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Betschart v. Gordon Trucking

September 5, 2008


The opinion of the court was delivered by: Oliver W. Wanger United States District Judge

SCHEDULING CONFERENCE ORDER Discovery Cut-Off: 6/15/09 Non-Dispositive Motion Filing Deadline: 6/30/09 Dispositive Motion Filing Deadline: 7/15/09 Settlement Conference Date: 6/30/09 10:00 Ctrm. 10 Pre-Trial Conference Date: 9/21/09 11:00 Ctrm. 3 Trial Date: 11/3/09 9:00 Ctrm. 3 (JT-12 days)

Date of Scheduling Conference. September 5, 2008

I. Summary of Pleadings

Plaintiff's Summary

1. Plaintiff Arnold Betschart was employed for over 18 years for defendant Gordon Trucking, Inc., until he was involuntarily terminated on or about June 6, 2007. He first worked in Pacific, Washington headquarters, and then became director of regional operations in Turlock, California starting February 13, 1995, where he established a terminal, hired the driving and non-driving staff, established a maintenance facility and staffed and ran it, and got the overall business up and running in California. He remained in this position until May 31, 2006, when he was involuntarily removed from the position and moved into the position of director of maintenance/operations. His base pay remained the same in the new position, but he lost eligibility for incentive pay. Therefore, it was a demotion. Then on June 6, 2007, he was involuntarily terminated from his employment. Plaintiff had a history of favorable feedback, positive evaluations, pay raises, and bonuses.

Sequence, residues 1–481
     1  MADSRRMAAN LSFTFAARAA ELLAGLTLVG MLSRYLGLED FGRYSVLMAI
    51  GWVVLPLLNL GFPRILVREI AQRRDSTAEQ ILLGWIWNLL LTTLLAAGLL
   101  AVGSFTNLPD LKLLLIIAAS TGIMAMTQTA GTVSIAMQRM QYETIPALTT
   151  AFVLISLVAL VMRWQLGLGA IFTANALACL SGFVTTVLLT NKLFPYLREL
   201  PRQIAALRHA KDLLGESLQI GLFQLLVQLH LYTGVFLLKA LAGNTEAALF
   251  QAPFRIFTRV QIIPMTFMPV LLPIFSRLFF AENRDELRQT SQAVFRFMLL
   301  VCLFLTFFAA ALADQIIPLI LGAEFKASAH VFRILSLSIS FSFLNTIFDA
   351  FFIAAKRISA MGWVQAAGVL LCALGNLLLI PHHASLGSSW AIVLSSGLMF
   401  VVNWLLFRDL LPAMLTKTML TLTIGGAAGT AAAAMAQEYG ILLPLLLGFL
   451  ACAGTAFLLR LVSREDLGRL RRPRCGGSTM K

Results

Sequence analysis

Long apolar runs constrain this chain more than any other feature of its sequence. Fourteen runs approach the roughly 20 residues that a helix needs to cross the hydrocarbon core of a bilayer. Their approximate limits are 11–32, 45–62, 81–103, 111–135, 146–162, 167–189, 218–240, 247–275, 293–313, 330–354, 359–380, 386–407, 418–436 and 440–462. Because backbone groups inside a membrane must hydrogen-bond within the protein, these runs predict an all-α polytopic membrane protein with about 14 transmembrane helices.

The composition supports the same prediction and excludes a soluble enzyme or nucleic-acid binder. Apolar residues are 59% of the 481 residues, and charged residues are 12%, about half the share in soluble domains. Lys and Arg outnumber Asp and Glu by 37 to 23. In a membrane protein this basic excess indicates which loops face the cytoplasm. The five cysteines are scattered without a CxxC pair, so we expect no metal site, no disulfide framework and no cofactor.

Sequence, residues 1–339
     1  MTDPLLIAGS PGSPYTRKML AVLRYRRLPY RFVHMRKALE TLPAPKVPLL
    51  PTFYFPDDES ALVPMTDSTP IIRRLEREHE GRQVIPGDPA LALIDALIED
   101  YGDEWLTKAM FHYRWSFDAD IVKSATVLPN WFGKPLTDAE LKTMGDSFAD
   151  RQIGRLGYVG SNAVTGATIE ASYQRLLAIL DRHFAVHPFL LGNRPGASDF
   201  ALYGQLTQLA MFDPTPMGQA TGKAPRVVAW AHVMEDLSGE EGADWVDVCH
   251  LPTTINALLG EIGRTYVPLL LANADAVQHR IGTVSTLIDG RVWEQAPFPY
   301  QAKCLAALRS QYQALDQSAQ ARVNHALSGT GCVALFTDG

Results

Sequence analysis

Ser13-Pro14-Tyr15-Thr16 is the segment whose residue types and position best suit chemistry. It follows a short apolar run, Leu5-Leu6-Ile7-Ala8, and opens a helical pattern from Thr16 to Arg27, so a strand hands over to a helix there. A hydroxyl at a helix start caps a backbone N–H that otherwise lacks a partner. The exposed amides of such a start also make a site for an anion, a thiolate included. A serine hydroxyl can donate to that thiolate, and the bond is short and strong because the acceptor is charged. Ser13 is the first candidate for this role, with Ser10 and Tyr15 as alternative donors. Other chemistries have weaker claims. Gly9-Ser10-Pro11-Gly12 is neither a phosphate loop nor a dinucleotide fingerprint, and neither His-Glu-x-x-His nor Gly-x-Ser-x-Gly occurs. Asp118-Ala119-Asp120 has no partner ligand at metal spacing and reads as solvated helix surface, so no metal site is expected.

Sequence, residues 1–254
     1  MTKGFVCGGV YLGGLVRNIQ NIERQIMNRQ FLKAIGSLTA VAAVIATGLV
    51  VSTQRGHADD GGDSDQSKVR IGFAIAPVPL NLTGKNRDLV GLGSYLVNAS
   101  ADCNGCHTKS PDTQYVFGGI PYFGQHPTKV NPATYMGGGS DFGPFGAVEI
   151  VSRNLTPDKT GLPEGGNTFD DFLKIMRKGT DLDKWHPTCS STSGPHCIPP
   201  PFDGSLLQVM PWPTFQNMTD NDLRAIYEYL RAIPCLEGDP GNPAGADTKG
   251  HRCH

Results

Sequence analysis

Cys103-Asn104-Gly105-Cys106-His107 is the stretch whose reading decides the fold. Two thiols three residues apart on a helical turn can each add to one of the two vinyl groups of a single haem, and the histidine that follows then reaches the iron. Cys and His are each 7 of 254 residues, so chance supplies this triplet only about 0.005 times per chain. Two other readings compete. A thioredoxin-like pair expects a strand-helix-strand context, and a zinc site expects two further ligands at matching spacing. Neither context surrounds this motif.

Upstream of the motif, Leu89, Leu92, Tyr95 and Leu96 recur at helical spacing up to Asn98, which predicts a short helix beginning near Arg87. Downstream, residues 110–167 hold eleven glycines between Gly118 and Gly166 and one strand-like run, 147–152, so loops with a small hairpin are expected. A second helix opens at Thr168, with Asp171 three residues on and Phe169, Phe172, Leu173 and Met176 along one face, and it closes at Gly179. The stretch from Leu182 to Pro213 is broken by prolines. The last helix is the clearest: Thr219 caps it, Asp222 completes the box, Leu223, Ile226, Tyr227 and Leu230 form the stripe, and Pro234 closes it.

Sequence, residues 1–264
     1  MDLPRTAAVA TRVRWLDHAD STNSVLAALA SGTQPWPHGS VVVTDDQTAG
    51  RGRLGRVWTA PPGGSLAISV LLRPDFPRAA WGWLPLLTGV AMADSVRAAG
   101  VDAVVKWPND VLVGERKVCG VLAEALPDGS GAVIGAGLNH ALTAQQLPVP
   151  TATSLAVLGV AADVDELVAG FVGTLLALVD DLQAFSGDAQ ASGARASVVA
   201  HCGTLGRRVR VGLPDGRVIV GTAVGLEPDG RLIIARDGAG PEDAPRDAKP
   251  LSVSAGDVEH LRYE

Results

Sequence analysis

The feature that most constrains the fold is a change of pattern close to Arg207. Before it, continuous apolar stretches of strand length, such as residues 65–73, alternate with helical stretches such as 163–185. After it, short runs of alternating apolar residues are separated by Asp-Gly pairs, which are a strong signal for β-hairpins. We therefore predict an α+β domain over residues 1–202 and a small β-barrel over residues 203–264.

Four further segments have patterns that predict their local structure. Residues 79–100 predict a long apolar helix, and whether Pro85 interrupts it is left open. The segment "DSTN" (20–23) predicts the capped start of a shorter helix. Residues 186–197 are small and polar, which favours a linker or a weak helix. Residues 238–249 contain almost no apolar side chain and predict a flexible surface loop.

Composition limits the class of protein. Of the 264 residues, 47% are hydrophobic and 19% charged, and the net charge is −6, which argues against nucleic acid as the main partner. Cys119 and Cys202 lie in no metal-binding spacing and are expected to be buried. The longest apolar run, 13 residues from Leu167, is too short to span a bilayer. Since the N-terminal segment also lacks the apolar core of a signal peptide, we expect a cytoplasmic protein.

2. At the time of his termination, plaintiff was 59 years old. When he was demoted, he was replaced by someone in his 30s. When he was terminated, he was replaced by a person also in his 30s. Discriminatory ageist remarks were made by Steve Gordon, the Chief Operating Officer of defendant when he announced plaintiff's demotion. Other ageist remarks were directed, as well, at plaintiff by the person who replaced him when he was terminated; and previously, other ageist remarks were also directed at him.